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Logo of nihpaAbout Author manuscriptsSubmit a manuscriptHHS Public Access; Author Manuscript; Accepted for publication in peer reviewed journal;
Macromolecules. Author manuscript; available in PMC 2010 October 1.
Published in final edited form as:
Macromolecules. 2009 October 13; 42(19): 7404–7412.
doi:  10.1021/ma901137g
PMCID: PMC2929756

Local Water Dynamics in Coacervated Polyelectrolytes Monitored Through Dynamic Nuclear Polarization-Enhanced 1H NMR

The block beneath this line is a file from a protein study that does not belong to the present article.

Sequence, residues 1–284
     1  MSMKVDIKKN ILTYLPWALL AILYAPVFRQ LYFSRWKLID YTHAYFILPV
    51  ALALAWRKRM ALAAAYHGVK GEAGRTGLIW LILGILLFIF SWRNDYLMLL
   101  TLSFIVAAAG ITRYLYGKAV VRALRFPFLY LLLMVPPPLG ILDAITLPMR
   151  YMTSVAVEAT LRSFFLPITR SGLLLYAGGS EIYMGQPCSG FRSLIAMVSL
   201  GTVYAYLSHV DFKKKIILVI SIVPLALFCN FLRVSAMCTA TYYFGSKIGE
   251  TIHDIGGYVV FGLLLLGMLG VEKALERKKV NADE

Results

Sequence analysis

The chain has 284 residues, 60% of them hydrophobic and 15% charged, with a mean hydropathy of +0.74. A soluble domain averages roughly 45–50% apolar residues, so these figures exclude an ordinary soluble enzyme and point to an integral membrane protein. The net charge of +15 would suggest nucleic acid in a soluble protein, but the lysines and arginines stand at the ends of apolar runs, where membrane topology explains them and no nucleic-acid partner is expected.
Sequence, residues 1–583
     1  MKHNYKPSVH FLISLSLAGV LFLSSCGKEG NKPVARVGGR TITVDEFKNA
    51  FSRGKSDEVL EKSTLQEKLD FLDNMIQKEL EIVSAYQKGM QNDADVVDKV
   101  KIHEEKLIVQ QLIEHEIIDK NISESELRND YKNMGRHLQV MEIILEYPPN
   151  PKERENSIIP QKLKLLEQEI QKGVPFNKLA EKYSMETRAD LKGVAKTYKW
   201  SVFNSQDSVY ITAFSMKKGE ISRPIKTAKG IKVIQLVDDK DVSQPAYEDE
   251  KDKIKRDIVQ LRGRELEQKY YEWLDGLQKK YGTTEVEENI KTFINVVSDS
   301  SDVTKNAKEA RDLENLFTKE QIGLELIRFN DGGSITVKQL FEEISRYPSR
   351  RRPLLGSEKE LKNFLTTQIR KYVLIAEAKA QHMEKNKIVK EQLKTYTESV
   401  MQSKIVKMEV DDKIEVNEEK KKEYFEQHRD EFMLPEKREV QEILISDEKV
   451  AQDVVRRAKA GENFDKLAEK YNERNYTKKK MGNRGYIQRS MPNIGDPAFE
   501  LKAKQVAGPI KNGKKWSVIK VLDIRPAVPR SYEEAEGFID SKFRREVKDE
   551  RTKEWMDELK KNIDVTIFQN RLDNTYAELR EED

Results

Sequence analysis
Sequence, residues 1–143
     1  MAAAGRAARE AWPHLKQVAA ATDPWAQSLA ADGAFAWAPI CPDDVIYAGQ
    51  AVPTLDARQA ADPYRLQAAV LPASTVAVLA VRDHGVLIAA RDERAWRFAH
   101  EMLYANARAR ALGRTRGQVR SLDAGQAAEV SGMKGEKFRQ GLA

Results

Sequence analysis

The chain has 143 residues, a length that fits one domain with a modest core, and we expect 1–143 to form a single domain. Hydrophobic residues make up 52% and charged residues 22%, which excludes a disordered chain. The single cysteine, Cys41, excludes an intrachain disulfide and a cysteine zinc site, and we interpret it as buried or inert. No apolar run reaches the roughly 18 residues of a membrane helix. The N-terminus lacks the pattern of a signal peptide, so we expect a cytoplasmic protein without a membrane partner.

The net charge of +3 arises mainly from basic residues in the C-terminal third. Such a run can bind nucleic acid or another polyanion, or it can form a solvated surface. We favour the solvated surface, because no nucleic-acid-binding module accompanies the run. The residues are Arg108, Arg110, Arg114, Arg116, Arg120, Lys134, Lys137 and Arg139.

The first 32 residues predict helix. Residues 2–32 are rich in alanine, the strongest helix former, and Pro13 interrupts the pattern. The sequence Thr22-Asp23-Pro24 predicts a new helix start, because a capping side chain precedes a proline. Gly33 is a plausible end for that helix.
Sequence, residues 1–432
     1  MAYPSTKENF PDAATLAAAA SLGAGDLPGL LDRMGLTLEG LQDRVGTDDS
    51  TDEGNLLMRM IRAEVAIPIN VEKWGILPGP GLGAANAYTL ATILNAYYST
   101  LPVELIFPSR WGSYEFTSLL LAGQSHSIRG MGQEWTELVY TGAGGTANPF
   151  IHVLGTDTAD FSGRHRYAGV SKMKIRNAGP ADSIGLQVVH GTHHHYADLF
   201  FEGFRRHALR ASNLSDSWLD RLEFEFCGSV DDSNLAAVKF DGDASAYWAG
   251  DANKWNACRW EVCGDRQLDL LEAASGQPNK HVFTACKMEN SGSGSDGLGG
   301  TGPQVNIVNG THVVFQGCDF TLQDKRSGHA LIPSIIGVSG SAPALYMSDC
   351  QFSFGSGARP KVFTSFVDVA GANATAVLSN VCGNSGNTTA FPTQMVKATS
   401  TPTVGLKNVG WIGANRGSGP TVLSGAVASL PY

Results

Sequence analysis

We present the first study of quantifying the diffusion coefficient of interfacial water on polyelectrolyte surfaces of systems fully dispersed in bulk water under ambient conditions. Such measurements were made possible through the implementation of a recently introduced Dynamic Nuclear Polarization (DNP) technique to selectively amplify the nuclear magnetic resonance (NMR) signal of hydration water that is interacting with specifically located spin labels on polyelectrolyte surfaces. The merit of this novel capability is demonstrated in this report through the measurement of solvent microvisosity on the surface of two types of oppositely charged polyelectrolytes, when freely dissolved versus when complexed to form a liquid-liquid colloidal phase called complex coacervates. These complex coacervates were formed through electrostatic complexation between the imidazole-based cationic homopolymer poly(N-vinylimidazole) (PVIm), and anionic polypeptide polyaspartate (PAsp) in the pH range of 4.5 – 6.0, under which conditions the coacervate droplets are highly fluidic yet densely packed with polyelectrolytes. We also investigated the rotational diffusion coefficients of the spin labels covalently bound to the polyelectrolyte chains for both PVIm and PAsp, showing a 5 fold change in the rotational correlation time as well as anisotropy parameter upon coacervation, which represents a surprisingly small decrease given the high polymer concentration inside the dense microdroplets. For both DNP and ESR experiments, the polymers were covalently tagged with stable nitroxide radical spin labels (~1 wt %) to probe the local solvent and polymer segment dynamics. We found that the surface water diffusion coefficients near uncomplexed PVIm and PAsp at pH 8 differ, and are around D~1.3×10−9 m2 / s. In contrast, inside the complex coacervate phase, the water diffusion coefficient in the immediate vicinity of either polyelectrolyte was D~ 0.25×10−9 m2 / s, which is about an order of magnitude smaller than the bulk water self diffusion coefficient, and yet orders of magnitude greater than that of associated, bound, hydration water. This observation suggests the existence of measurable water inside complex coacervates with relatively high diffusion and exchange dynamics, implying that water moves in nanometer-scale pore spaces as opposed to being structurally bound or even absent. We infer from our observation that the PVIm and PAsp chains are undergoing roughly pairwise association, so that largely charge neutralized species compose the concentrated, yet fluidic and partially hydrated coacervate cores.